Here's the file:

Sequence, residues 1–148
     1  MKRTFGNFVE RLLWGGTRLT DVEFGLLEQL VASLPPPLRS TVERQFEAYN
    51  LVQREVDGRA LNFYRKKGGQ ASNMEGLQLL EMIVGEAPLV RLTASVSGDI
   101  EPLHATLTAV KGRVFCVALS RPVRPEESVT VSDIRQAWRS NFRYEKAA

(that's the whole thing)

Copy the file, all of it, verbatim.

Sequence, residues 1–148
     1  MKRTFGNFVE RLLWGGTRLT DVEFGLLEQL VASLPPPLRS TVERQFEAYN
    51  LVQREVDGRA LNFYRKKGGQ ASNMEGLQLL EMIVGEAPLV RLTASVSGDI
   101  EPLHATLTAV KGRVFCVALS RPVRPEESVT VSDIRQAWRS NFRYEKAA